CHARLOTTE, N.C. – In shallow trays of organic soil at her greenhouse in Harrisburg, N.C., onetime real estate agent Kate Brun is cultivating a business: growing and selling microgreens, tiny herbs and vegetables harvested when their first leaves appear.

Not even a year old, her company is already taking root — part of a wave of the homemade and home-grown springing up across the country.

Two factors have combined to propel the trend, experts say: the increasingly popular local-food movement, and a recession that’s prompted people to consider different ways to earn a living.

“We really are going to need more producers who are willing to grow for this kind of market,” said Nancy Creamer, director of the Center for Environmental Farming Systems at North Carolina State University. “There’s sometimes a learning curve and some barriers, but I think there’s a lot of interest and a lot of opportunity.”

That’s how Brun, a 35-year-old mother of two, sees it. “It’s finding something, having faith in what you’ve got and having the courage to go do it. I never enjoyed going to work until now.”

The overall number of farms in North Carolina declined 2 percent in the most recent U.S. Census of Agriculture — to 52,913 in 2007, compared with the previous count in 2002. But the number of small producers, on plots up to 9 acres, jumped 25 percent, to about 5,000. The pattern has continued since then, observers say.

Farmers markets and agricultural Extension offices report a boom in inquiries about growing and selling local produce, as well as new producers entering the arena. There’s a 78-person waiting list for spots at the certified organic incubator farm in Cabarrus County, N.C., which began in 2008, county Extension director Debbie Bost said.

The innovative project now has 16 farmers working up to a third of an acre apiece, learning about sustainable-food practices and gaining experience so they can one day farm land of their own. The participants are ages 18 to 59, with a range of education levels. Some are there full time; others work elsewhere, too, including at Wells Fargo, US Airways and the Carolinas Medical Center, Bost said.

Brun had always enjoyed gardening and began growing microgreens for her family last summer. that point, the economy had taken a toll on both her husband’s construction management and contracting company and on her part-time work as a real estate agent, so she mulled whether there was a way to make money from something she loved.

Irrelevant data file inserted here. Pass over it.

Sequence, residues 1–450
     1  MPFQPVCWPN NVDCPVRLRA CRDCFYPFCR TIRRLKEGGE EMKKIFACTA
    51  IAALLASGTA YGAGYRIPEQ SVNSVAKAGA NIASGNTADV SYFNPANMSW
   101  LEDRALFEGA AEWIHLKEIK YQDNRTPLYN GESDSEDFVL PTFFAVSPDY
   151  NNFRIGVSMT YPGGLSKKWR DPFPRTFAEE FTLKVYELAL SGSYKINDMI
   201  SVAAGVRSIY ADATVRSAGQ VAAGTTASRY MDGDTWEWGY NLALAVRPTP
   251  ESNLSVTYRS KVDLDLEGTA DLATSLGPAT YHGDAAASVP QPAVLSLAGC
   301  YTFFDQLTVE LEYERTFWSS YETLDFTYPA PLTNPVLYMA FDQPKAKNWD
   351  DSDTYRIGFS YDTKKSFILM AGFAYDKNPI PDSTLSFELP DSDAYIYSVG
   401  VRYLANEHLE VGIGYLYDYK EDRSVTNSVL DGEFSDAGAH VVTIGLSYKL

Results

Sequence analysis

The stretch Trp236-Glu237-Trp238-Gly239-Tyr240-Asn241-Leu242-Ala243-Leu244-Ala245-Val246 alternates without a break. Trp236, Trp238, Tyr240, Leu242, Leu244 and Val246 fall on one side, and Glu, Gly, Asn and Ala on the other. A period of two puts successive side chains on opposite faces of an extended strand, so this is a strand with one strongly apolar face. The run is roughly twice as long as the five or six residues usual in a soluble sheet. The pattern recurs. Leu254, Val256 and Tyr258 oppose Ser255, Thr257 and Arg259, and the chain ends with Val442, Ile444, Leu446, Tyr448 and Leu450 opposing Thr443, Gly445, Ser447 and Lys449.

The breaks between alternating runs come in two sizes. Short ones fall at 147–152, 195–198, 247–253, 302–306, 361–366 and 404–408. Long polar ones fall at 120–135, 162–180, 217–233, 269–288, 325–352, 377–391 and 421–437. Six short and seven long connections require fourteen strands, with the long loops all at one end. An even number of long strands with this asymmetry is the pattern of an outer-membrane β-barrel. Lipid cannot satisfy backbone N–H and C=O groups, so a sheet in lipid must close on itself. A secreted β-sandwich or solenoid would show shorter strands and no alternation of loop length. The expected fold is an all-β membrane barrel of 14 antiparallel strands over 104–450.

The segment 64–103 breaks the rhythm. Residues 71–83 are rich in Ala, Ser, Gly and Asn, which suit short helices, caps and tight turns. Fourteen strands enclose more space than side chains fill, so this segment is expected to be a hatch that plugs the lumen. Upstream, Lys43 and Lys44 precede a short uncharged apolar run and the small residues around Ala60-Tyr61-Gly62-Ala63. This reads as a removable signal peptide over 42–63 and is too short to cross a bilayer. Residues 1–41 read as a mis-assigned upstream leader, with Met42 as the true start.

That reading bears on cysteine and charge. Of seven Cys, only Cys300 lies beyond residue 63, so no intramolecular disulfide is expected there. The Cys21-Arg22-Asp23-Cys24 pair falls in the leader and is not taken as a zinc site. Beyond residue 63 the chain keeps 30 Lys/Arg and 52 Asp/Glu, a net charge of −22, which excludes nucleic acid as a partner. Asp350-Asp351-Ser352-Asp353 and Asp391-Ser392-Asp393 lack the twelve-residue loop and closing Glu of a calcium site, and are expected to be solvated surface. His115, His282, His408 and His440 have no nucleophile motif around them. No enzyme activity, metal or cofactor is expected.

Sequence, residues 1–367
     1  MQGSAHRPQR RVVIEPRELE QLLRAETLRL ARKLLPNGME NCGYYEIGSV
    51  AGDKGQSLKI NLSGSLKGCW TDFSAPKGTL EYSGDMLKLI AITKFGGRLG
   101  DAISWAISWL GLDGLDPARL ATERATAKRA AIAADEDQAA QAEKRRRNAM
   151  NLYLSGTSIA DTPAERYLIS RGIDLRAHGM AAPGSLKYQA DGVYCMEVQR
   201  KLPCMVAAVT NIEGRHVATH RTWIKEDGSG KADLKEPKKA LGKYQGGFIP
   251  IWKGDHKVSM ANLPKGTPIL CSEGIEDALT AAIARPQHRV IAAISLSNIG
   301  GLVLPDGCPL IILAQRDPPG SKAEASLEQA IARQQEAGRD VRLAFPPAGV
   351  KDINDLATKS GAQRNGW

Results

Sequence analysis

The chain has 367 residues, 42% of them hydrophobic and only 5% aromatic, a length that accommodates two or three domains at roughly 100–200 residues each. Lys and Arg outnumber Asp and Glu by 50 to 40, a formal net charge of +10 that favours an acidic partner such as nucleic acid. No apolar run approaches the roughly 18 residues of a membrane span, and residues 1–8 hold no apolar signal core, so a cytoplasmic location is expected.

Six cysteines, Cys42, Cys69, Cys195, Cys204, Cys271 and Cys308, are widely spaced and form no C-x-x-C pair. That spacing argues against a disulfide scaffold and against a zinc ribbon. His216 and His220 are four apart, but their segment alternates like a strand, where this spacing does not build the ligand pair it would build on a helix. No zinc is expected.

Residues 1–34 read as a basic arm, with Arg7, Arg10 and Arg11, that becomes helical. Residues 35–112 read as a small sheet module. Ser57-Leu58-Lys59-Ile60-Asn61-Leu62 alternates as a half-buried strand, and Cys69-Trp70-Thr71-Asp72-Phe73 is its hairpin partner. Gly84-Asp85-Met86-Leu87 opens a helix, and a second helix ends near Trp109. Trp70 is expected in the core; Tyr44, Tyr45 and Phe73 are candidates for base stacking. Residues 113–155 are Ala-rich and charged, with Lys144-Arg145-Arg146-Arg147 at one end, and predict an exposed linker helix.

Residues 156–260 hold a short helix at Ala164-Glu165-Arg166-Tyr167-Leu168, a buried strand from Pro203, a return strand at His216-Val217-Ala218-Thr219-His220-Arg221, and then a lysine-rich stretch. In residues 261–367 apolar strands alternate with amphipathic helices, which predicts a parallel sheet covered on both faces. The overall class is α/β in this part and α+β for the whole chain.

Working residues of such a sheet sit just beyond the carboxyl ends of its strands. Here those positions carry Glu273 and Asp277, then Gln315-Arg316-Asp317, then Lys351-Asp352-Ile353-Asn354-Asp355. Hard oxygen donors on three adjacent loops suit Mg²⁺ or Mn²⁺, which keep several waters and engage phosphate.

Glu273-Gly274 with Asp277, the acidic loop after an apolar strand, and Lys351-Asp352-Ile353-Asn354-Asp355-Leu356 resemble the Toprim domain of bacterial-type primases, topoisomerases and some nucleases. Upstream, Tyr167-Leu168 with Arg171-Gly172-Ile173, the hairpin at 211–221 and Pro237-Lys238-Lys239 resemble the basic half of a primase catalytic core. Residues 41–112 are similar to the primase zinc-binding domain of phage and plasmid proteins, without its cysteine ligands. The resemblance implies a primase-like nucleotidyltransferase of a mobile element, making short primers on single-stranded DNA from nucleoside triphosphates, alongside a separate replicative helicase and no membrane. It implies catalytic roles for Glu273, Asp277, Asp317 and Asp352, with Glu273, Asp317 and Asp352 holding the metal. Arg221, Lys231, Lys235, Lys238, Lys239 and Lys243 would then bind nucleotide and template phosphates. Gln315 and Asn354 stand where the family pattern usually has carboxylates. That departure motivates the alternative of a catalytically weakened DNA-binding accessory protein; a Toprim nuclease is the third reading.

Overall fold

Inspired by a friend in California who had done the same, she decided she could sell what she grew. Her husband, Marc, installed plumbing in the greenhouse at the back of their home. Brun set up shelves for her trays of soil, and she began experimenting with the plants, trying different seeds and learning about how they grew.

This spring, she launched her company, Lucky Leaf Gardens — the moniker inspired by her maiden name, Lachance, French for “luck.” She checked with the North Carolina Department of Agriculture about reselling and food safety requirements, and headed to a restaurant supply store to buy packaging and labels. To come up with a logo and website, she hired professional designers, because she wanted her brand to be viewed as legitimate from the start.

The initial startup took about $2,000, helped by the fact that she already had the greenhouse. But additional costs keep cropping up, she said. She needs a larger refrigerator in her greenhouse, and it will also cost money to eventually expand her growing space.

“This is very business-oriented for me,” she said. “It’s not just a hobby, digging in the dirt.”

Marketing and branding are key for the new agri-preneurs, though it can be unfamiliar territory for traditional farmers used to focusing on production, said Carl Pless Jr., a Cabarrus, N.C., agricultural Extension agent.

“There’s a lot of stuff involved in that,” he said. “Most are finding they spend as much time marketing as they did growing it in the first place.”

“You have to be a jack-of-alltrades,” North Carolina State’s Creamer said. “Not only do you have to be a farmer, you need to be a marketer, a people person, Web-savvy.”

But, she said, that diversity and challenge is also part of why farming appeals to people.

At the same time, Pless said, it’s important to back up the marketing with knowledge and top-notch products. “So many people think you can just throw seed in (the soil), work it any old time,” he said. “That’s not the case.”


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